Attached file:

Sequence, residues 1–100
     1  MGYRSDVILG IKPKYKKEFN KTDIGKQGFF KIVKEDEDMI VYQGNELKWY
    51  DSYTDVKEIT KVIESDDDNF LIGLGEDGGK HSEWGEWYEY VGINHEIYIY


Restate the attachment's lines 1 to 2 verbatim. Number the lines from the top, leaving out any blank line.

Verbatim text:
Sequence, residues 1–100
     1  MGYRSDVILG IKPKYKKEFN KTDIGKQGFF KIVKEDEDMI VYQGNELKWY